Saturday, April 6, 2024

Let's Check in On, "Deadpool," With his Latest #1 Issue!

Deadpool is one of the, "Newer," characters at Marvel in the sense he came about in the 1990s as opposed to decades before. The thing with the passage of time is that now in some ways it seems like he's been around forever with a new guard of even fresher characters on the scene in the past decade or so (Miles Morales, Ms. Marvel, and so forth). There have been times a metric ton of books featuring Deadpool were coming out and times the flow of titles is a bit lighter. Lately, it feels like his, "Main," series has kept re-launching and that isn't just me thinking such a thing--this latest series is the fourth in five years. Why Marvel keeps starting over with a new #1 is beyond me (I mean, I guess that attracts new readers sometimes and gets sales), but here we are in 2024 with the latest, "Deadpool, "#1. I haven't read a Deadpool-centric book in a while so I thought I'd check it out.

This was a solid debut issue. It discusses events from some past, "Deadpool," series I recall (his daughter, Ellie) and things I am unfamiliar with (he was in love recently and also now has a new symbiote daughter-pet creature he was, "Pregnant," with a bit ago). Everything is mentioned in a manner that readers can pick up the gist of what is going on and enjoy the main thing many folks read Deadpool for--Jokes and violence. Between some sadness and humanity (I do like it when Deadpool isn't purely a joke machine) we get quips and a number of body parts going flying. The creative team of Cody Zigalr (writer), Rogê Ântonio (artist), and GURU-eFX (colors) all synergize wonderfully. I was especially tickled by a busy page of a car chase where Deadpool does his signature breaking of the 4th wall and remarks it was probably a pain for the artist to draw--but man, does it look awesome too.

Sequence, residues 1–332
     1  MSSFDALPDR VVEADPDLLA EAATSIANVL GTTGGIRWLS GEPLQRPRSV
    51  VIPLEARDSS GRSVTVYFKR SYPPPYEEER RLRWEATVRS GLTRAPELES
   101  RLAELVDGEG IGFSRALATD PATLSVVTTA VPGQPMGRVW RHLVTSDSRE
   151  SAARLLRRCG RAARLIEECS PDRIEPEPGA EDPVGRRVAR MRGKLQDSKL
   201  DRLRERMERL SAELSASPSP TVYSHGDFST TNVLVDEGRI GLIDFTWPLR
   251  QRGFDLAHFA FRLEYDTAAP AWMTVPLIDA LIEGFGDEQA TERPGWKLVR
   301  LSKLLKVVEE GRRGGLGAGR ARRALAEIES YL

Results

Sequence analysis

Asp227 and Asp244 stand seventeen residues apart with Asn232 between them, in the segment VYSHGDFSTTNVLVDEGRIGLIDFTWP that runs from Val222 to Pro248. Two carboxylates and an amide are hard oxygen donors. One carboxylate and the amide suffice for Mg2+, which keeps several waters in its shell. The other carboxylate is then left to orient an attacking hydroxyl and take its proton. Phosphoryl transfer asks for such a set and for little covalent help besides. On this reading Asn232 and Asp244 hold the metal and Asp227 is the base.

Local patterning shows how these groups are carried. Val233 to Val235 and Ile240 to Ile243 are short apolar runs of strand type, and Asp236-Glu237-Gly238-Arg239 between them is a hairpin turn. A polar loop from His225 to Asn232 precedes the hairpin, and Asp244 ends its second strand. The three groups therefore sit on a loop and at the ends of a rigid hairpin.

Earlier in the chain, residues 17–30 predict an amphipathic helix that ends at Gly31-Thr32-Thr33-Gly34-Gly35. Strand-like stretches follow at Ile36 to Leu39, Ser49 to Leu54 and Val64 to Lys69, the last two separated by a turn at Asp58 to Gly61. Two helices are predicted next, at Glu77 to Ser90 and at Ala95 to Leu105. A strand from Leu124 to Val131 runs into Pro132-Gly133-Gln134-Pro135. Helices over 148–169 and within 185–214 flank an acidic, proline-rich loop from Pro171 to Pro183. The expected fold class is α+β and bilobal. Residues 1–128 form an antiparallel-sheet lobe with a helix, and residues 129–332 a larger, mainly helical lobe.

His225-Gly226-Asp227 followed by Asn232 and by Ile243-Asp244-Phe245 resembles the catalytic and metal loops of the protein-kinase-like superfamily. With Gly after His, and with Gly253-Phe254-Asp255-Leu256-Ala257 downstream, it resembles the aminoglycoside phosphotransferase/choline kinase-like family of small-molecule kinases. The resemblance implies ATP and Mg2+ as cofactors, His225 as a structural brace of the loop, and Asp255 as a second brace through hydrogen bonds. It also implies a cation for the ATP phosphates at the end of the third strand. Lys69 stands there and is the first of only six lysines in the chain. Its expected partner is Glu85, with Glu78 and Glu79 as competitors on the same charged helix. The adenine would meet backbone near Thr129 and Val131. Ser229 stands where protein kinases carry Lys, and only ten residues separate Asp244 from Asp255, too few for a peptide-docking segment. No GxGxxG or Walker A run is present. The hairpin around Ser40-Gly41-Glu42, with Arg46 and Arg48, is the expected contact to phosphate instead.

"Deadpool," #1 introduces us to the character's latest status quo and gives us a mysterious new villain Deadpool encounters while on a mercenary mission (Death's Grip). Sometimes the debut issue of a series is so busy setting up stuff or filling us in on past events it forgets to entertain in its own right--thankfully the first issue of, "Deadpool," avoids that trap and is a superb read. If you like, "Deadpool," this should successfully scratch your itch for more of his shenanigans.

5 out of 5 stars.

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